Do you think a catchy name for your program that is also descriptive of the project can make a memorable first impression?
Project names can be challenging. Sometimes we just stick with the title of the RFP -- bureaucratic and boring -- and sometimes we get quite hysterical brainstorming for a name when the application deadline presses.
And, I'm always interested in whether a client sticks with the catchy name we used in the application or ends up changing it during implementation.
Nancy Friedman presented six naming strategies in a two-part article on Visual Thesaurus. A couple of them won't work well for grant applications but most will trigger some ideas.
Please note, Nancy didn't add acronyms to her list. Let's avoid ACE (Achievement it Career and Education) and ACT (Assisting Children Through Transition).
- People's names - who has inspired this program? Who's the founder?
- Connecting two words, like CareerWorks, Facebook, Wordpress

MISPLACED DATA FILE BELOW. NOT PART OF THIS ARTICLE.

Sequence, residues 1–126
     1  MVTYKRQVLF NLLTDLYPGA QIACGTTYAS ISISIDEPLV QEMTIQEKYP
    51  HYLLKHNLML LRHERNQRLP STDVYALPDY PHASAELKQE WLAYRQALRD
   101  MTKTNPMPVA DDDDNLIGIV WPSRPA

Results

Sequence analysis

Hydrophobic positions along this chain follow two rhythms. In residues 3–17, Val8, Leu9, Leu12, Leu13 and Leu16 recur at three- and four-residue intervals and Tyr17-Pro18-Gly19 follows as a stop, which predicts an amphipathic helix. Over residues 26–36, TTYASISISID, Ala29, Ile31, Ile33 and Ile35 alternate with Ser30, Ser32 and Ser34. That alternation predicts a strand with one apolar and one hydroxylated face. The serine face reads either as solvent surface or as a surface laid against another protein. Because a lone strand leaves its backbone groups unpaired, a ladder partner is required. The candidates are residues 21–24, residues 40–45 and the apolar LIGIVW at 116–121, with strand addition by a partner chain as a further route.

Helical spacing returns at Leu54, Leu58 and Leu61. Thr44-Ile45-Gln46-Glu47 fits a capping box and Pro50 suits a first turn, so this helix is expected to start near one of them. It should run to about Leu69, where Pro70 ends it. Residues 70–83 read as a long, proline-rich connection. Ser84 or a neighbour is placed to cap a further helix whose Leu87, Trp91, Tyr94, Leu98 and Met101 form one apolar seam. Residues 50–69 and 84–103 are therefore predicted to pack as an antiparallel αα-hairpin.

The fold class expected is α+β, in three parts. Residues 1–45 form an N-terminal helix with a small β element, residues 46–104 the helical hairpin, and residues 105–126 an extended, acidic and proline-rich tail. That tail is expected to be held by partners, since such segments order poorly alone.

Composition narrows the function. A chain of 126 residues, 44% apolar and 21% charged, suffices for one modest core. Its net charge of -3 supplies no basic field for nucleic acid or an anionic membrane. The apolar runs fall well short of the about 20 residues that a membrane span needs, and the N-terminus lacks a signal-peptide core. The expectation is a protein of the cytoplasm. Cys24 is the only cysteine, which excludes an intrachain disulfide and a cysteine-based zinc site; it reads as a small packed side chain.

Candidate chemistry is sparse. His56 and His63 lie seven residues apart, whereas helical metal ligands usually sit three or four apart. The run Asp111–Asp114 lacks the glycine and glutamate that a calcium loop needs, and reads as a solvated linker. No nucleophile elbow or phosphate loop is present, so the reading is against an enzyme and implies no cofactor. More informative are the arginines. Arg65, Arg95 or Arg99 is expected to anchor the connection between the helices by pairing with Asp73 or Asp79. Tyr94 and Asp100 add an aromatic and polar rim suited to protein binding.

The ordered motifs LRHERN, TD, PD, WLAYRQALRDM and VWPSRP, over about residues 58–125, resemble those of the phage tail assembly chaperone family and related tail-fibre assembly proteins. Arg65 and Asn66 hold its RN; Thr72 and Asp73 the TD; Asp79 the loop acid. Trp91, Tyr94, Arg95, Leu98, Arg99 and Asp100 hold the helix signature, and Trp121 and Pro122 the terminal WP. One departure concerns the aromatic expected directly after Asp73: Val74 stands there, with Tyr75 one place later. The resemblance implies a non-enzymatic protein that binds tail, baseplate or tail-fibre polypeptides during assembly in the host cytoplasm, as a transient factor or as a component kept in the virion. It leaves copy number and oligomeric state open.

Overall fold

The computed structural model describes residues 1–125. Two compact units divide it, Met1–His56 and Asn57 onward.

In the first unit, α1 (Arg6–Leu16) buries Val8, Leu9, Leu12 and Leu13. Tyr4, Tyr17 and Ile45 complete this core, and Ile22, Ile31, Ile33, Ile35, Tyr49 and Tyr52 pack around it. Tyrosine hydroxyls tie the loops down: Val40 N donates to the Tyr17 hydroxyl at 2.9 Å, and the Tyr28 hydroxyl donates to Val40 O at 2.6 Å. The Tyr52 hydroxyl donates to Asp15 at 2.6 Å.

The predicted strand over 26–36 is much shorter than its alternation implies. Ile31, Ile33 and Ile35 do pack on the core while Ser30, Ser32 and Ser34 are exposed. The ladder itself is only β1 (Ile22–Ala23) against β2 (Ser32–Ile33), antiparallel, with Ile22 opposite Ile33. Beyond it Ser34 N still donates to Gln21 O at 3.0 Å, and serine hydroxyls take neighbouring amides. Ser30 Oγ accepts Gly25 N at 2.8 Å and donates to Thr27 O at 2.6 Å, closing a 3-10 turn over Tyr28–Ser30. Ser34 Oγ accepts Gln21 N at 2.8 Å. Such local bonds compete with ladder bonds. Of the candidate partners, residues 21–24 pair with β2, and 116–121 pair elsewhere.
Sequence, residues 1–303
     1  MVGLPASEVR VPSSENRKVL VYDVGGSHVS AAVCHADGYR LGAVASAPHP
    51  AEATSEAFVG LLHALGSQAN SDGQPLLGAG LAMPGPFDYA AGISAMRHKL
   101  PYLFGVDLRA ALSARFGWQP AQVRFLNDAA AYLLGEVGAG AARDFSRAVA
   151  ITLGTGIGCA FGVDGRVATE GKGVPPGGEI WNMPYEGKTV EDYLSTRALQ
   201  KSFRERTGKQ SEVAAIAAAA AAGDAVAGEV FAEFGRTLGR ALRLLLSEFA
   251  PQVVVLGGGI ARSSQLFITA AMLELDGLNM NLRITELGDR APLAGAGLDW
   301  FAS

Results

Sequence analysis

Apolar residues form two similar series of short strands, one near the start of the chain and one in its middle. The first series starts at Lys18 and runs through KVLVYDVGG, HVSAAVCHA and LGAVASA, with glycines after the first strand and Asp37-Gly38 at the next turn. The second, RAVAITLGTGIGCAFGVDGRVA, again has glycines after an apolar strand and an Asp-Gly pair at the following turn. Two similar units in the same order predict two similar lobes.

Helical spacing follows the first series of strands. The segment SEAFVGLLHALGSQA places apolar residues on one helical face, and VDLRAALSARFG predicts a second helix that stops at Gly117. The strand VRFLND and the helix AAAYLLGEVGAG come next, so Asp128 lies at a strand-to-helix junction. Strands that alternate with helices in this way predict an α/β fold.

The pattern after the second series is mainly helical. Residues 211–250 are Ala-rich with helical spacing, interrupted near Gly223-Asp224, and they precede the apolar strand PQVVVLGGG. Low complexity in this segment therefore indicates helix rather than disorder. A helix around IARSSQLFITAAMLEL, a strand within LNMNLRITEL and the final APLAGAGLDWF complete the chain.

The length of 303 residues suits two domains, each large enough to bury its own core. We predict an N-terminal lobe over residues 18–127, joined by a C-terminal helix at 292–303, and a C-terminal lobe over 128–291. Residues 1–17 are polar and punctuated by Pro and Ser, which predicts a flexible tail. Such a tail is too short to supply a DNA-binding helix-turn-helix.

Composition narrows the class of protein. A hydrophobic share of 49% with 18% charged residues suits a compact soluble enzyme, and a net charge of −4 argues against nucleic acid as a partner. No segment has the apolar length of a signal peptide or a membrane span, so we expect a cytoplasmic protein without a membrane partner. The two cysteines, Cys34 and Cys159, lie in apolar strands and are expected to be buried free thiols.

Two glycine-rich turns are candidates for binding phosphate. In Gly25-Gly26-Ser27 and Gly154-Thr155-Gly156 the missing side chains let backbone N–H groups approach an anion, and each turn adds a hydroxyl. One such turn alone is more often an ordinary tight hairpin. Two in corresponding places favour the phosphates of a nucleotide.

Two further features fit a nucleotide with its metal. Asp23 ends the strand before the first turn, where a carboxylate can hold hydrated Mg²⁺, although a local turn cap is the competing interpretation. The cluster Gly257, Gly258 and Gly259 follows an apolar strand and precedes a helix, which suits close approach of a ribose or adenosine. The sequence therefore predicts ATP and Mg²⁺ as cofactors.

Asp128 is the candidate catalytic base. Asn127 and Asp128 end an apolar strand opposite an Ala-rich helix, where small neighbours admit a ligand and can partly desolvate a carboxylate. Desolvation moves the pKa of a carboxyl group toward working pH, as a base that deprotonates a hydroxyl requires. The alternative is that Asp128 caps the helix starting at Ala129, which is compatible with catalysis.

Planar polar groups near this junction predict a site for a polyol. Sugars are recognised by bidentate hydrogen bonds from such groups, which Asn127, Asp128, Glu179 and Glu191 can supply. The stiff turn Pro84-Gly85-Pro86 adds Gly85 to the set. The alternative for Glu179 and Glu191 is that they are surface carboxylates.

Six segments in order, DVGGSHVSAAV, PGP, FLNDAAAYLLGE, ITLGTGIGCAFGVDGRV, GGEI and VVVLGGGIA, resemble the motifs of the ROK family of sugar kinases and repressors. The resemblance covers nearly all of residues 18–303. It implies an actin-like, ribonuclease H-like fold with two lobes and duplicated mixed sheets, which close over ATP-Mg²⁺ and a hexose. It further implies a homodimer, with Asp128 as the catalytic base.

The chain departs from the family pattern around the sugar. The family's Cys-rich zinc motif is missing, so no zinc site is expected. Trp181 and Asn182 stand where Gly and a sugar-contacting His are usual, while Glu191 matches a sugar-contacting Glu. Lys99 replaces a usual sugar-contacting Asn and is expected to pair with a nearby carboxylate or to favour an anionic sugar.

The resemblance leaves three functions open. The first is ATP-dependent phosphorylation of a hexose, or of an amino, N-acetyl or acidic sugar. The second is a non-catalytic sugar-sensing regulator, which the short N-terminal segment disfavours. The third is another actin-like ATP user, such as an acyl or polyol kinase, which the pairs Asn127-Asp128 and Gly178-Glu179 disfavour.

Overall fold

- Blended, or portmanteau, names like Technorati (a blend of technology and literati) - these are tricky.
- Affixed words - using a prefix or suffix with a descriptive word. For example, add Bene-, Bio- or Pre- at the beginning, or -ist, -ish, -cast, -ly, -ite at the end. BeneWorks, maybe, or BeneFunds;
- Invented words -- like all those accounting/consulting firms and the pharmeceuticals advertised on TV -- not a good choice for our projects.
- Phrases like 'Habitat for Humanity' and 'Teach the People.' One client's after school program is called 'McKee After 3'
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